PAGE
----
Maintaining the age of eligibility for superannuation at 65 would be a bottom line for New Zealand First in any coalition negotiations after the 2014 election, says leader Winston Peters.

His stance could be an obstacle to coalition talks with Labour if NZ First is the kingmaker after 2014 - Labour has made raising the pension age to 67 a centrepiece of its policies and has sought to embarrass Prime Minister John Key on the issue.

Mr Key has been under pressure for refusing to contemplate raising the age of eligibility for super from 65 to 67.

NZ First meets for its annual conference in Palmerston North this weekend - its first since the resurgent party made it back into Parliament last year with eight MPs. It is looking for more next election and could be a strong contender for coalition talks in 2014.


Asked whether NZ First's position that the super age should remain at 65 was likely to be an issue in such talks, Mr Peters said: "Of course it's a bottom line."

Mr Peters has rejected Labour's calls for cross-party talks on the issue and he said Labour had made a terrible mistake with its super policy.

"If I was advising them on a political level I would ask them, how does this work?

"You're sending out a dog whistle to a future voting group but you are not addressing the problem here and now. The here and now is an economic solution."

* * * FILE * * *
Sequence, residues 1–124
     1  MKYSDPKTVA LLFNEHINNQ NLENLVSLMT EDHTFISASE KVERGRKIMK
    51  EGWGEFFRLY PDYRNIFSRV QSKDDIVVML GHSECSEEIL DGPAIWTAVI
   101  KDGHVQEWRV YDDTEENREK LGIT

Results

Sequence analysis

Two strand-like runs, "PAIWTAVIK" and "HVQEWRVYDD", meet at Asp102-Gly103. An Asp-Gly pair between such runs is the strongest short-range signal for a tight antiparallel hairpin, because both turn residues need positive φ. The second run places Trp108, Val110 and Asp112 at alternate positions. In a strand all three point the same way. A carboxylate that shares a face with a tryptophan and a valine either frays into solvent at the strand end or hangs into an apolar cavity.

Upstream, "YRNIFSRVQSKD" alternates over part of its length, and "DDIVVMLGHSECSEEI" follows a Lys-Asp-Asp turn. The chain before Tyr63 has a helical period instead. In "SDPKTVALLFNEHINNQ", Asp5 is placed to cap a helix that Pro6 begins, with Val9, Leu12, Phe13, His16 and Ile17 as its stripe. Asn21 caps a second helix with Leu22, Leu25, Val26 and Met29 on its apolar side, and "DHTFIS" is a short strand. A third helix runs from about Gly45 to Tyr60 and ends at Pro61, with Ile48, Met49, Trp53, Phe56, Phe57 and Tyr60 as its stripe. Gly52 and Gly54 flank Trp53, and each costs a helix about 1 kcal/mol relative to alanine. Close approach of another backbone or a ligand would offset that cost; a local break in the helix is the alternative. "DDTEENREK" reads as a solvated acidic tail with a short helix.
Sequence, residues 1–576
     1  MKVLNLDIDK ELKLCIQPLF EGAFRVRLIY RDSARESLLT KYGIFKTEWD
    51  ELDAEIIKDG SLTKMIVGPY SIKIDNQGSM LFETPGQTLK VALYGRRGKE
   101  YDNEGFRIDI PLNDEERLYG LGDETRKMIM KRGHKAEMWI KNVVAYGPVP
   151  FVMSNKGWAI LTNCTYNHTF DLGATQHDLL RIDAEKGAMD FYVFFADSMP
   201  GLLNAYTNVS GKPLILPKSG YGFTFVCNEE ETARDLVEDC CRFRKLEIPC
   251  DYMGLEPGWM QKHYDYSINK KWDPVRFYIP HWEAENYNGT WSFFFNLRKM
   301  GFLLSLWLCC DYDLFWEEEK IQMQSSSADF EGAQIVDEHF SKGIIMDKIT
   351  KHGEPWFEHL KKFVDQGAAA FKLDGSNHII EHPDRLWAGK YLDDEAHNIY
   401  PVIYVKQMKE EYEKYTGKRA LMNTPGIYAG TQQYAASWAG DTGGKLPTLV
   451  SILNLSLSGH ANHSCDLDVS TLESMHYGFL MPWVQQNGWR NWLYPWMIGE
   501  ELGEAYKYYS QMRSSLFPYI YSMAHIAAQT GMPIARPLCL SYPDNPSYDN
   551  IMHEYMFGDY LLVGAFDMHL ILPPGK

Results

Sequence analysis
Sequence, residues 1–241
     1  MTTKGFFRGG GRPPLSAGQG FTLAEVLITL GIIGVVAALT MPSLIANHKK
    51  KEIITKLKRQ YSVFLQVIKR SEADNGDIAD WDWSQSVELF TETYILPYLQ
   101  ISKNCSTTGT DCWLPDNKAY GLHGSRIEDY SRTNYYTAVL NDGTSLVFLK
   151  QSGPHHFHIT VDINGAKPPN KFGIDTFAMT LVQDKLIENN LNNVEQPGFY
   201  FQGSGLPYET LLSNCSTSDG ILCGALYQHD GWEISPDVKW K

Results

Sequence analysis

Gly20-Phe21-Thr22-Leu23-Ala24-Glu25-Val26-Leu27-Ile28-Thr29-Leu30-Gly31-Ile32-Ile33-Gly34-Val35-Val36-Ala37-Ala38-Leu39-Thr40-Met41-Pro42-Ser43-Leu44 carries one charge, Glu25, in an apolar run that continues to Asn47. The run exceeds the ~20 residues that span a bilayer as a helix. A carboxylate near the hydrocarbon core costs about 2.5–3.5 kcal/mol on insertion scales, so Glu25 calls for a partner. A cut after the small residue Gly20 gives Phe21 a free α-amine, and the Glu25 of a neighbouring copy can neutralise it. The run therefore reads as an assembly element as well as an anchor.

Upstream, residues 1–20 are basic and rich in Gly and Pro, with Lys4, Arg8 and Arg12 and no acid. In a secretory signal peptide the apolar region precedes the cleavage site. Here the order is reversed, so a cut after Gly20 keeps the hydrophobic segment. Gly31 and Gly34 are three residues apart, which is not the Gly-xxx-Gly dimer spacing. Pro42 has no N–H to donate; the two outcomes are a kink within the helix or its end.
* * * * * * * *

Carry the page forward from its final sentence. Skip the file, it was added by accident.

Like National, Mr Peters believes keeping NZ Super eligibility at 65 is possible as long as the economy grows.

Mr Key has not ruled out a coalition with Mr Peters in 2014, despite ruling it out in 2008 and 2011.

But Mr Key yesterday said that common ground with NZ First on the retirement age did not necessarily increase the prospect of post-election coalition talks.

Labour leader David Shearer refused to offer a view on whether Mr Peters' bottom line would prove to be an obstacle to coalition talks in 2014. But he said the cost of NZ Super and the age of eligibility remained a central issue for the country.

"I just don't think you can hinge the sustainability and affordability of our superannuation on some mythical growth rate 10 or 15 years into the future. We just don't know what's going to happen. But we do know what's going to happen in terms of people getting older."